Ninth Circuit struck down Arizona election law

On July 9, 2008, the US Court of Appeals for the Ninth Circuit ruled that an Arizona election law requiring that independent presidential candidates to register earlier than those affiliated with political parties was unconstitutional. Presidential candidate Ralph Nader had filed a challenge to the deadline, arguing that it violated his rights to free speech under the First Amendment. Arizona Secretary of State Jan Brewer had argued that the early registration requirement was necessary to give the state time to print accurate ballots. The court ruled that the same deadline should be imposed on all candidates. The court also overturned a law that only state residents could circulate nomination petitions, finding that the regulation was not sufficiently narrowly tailored to address the state's ostensible anti-fraud goals. Nader had argued the regulation violated his Fourteenth Amendment right to free association.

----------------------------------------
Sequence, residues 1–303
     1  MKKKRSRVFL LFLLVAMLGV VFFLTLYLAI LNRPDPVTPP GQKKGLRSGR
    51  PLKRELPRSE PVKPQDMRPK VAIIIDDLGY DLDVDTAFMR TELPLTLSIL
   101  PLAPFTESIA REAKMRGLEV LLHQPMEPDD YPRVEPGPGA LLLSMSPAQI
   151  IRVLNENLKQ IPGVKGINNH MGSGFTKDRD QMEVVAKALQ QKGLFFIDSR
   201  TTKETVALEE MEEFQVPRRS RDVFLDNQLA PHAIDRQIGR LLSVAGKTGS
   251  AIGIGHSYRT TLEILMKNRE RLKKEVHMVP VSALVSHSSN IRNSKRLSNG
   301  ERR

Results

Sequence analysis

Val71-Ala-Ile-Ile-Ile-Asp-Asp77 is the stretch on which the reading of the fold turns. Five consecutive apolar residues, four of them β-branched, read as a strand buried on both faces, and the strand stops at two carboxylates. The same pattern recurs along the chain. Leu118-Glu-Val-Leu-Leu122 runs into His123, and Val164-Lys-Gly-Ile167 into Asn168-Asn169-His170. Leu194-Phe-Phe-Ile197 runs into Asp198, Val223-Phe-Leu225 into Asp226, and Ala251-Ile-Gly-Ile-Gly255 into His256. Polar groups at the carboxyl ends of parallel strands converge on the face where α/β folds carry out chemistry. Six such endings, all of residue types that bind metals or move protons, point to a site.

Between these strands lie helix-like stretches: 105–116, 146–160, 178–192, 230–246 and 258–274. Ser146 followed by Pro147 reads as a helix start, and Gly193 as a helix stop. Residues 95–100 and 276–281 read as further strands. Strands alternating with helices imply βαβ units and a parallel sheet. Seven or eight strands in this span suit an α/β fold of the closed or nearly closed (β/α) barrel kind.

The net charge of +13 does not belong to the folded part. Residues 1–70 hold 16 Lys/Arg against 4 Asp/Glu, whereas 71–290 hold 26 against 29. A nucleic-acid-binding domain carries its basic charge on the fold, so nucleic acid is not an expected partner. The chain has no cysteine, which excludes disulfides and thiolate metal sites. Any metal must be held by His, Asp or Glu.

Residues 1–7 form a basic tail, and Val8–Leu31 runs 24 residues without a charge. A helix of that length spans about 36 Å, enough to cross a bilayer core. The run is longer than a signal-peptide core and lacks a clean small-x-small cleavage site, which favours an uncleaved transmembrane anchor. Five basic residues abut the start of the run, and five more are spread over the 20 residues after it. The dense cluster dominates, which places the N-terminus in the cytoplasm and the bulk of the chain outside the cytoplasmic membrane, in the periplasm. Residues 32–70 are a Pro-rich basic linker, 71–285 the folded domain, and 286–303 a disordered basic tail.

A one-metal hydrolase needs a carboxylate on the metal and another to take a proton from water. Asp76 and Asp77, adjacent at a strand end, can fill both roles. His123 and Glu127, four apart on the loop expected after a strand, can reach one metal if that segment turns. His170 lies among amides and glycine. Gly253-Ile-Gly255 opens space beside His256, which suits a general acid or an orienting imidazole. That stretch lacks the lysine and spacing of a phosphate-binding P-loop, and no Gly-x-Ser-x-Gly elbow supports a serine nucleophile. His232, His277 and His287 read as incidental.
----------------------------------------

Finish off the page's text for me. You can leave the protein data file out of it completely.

Learn more about election laws from the JURIST news archive.


Support JURIST

We rely on our readers to keep JURIST running

 Donate now!

About This Day at Law

This Day at Law is JURIST's platform for legal history, highlighting interseting and important developments that shaped the law and the world.

© Copyright JURIST Legal News and Research Services, Inc., 2013.